A Brief History of Booze in Space

If you’ve ever suspected that some astronauts sneak a little bit of booze into space, you’re not wrong. A few tipples have even been state sanctioned.

Russian cosmonauts may have been the first to imbibe in orbit. According to Mir space station alum Alexander Lazutkin, cognac was part of cosmonauts’ rations dating back to the beginning of the Space Age. He said that their doctors recommended it to “stimulate our immune system and on the whole to keep our organisms in tone.” And Alexander Poleshchuk, stationed on Mir in 1993, once reported finding extra bottles squirrelled away on the space station.

Meanwhile, the earliest instance in NASA’s records is when Buzz Aldrin drank on the moon. No, it wasn’t an astro-frat party. Aldrin, an elder of the Webster Presbyterian church, brought small packets of communion bread and wine along with him. He partook of them in a nondenominational ceremony during the first few hours after Apollo 11 landed on the moon, though the event was never broadcast.

Not all of alcohol’s forays into space have been successful, however. A plan to send sherry to Skylab was canceled after tests on a zero-G plane ended in cabin-wide stomach upset, and the bubbles in carbonated beverages like beer tend to produce wet burps.

All of these stories are anecdotal, not scientific. So where’s the hard research on booze in space? As the above video explains, Ardbeg distillery has now experimented with aging Scotch whisky on the International Space Station. It’s not a trivial experiment: Their findings highlight the ways in which microgravity influences the chemical compounds that our senses interpret as aroma and flavor. This could be a huge first step in making future space exploration – and colonization – more comfortable.

By the way, in case you’re curious about what space whisky tastes like, we’ve included the aroma and tasting notes from Ardbeg’s white paper on the experiment. Both the control and the ISS samples were aged in vials containing charred oak wood shavings to approximate traditional barrel-aging conditions.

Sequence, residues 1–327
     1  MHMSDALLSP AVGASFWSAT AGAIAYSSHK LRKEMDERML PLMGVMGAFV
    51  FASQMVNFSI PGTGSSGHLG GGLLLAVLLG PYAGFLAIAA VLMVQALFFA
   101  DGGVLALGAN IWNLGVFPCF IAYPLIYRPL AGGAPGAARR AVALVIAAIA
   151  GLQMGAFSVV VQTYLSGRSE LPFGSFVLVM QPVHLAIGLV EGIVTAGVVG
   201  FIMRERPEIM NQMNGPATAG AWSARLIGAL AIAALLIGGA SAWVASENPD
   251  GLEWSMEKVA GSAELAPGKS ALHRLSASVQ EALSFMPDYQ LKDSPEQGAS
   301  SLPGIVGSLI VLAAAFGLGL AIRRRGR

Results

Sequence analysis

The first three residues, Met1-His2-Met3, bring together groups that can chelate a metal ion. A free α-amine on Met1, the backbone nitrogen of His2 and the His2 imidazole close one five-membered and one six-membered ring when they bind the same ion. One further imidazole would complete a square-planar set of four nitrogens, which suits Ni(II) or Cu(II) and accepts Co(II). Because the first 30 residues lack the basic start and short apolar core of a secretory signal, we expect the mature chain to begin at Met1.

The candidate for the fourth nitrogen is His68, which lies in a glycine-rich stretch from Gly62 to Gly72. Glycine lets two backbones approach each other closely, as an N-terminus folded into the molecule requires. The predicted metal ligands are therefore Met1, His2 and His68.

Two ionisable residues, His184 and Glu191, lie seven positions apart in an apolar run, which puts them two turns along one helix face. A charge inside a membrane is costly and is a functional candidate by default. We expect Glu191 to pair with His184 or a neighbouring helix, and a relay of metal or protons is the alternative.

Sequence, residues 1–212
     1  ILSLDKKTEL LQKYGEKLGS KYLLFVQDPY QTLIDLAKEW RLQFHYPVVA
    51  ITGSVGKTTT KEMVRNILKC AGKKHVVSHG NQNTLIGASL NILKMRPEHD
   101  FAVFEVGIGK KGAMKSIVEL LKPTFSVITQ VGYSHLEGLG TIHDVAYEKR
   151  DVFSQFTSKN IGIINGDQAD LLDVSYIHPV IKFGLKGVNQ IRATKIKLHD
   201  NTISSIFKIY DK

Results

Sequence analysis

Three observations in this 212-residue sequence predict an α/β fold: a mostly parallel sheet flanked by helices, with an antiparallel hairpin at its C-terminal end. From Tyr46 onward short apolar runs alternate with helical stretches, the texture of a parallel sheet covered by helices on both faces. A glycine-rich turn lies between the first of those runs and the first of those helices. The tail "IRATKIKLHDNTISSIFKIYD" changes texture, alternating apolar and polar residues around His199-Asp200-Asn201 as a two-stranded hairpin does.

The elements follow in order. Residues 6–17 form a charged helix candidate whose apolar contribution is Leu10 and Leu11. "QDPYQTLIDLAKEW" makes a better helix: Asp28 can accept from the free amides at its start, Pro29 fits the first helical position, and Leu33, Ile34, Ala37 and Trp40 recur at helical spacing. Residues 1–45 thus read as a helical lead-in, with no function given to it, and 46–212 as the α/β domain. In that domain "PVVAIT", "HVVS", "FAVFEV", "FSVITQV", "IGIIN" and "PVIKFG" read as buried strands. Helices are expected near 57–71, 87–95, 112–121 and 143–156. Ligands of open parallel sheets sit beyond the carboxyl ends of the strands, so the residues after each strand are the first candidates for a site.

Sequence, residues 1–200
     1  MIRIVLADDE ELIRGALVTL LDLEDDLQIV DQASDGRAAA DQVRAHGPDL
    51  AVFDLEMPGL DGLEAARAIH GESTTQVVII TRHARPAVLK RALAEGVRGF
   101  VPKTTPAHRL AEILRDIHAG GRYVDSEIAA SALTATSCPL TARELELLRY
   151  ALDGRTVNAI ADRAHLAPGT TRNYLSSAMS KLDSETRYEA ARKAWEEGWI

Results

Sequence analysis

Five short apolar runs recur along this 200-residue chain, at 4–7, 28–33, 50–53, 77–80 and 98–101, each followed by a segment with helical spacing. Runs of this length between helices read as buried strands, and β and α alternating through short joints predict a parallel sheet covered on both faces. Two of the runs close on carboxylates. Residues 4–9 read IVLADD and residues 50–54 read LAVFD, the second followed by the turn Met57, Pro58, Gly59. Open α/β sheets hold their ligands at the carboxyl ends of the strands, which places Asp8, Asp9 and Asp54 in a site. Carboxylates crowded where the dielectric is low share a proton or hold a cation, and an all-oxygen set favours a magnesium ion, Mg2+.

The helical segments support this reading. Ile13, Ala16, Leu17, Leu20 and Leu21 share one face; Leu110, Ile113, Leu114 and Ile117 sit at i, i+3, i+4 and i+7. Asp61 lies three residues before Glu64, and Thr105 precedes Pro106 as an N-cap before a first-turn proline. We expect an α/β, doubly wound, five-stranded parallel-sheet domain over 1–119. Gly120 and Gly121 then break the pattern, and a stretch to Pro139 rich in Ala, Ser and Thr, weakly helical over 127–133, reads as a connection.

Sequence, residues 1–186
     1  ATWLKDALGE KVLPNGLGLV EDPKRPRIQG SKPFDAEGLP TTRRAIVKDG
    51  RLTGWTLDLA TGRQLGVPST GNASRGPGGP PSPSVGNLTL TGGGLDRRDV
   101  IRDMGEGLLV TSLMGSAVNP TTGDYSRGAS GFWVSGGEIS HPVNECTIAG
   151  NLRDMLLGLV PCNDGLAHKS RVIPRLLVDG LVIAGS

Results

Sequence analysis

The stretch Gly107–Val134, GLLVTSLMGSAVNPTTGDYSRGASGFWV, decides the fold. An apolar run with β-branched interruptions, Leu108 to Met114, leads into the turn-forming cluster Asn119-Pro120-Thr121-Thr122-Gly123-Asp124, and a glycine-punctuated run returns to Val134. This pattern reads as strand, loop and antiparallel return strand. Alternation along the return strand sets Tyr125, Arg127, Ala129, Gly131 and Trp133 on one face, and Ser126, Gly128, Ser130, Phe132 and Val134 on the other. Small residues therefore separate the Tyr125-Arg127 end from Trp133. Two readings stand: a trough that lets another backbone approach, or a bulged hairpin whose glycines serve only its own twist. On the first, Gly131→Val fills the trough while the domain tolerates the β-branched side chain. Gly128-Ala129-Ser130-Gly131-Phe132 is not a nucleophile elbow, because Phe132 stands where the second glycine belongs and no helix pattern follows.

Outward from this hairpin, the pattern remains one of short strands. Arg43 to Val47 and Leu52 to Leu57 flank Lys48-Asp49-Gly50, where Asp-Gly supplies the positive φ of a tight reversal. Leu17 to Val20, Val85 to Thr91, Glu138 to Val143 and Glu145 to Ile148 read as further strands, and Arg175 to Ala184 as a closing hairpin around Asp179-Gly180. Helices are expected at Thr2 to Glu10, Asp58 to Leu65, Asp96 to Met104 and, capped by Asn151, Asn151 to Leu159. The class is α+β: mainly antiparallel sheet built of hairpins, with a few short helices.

Control (Earth) Sample:

Aroma – Very woody, hints of cedar wood, sweet smoke and aged balsamic vinegar. Hints of raisins, treacle toffee, vanilla and burnt oranges. Very reminiscent of an aged Ardbeg style.

Taste – Dry palate, woody/balsamic flavours, sweet smoke and clove oil. A distant fruitiness (prunes/dates), some charcoal and antiseptic notes. The aftertaste is long, lingering and typically Ardbeg, with flavours of gentle smoke, briar wood, tar and some sweet, creamy fudge.

ISS Sample:

Aroma – Intense and rounded, with notes of antiseptic smoke, rubber, smoked fish and a curious, perfumed note, like cassis or violet. Powerful woody notes, hints of graphite and some vanilla. This then leads into very earthy/soil notes, a savoury, beefy aroma, and then hints of rum & raisin flavoured ice cream.

Taste – A very focused flavour profile, with smoked fruits (prunes, raisins, sugared plums and cherries), earthy peat smoke, peppermint, aniseed, cinnamon and smoked bacon or hickory-smoked ham. The aftertaste is pungent, intense and long, with hints of wood, antiseptic lozenges and rubbery smoke.

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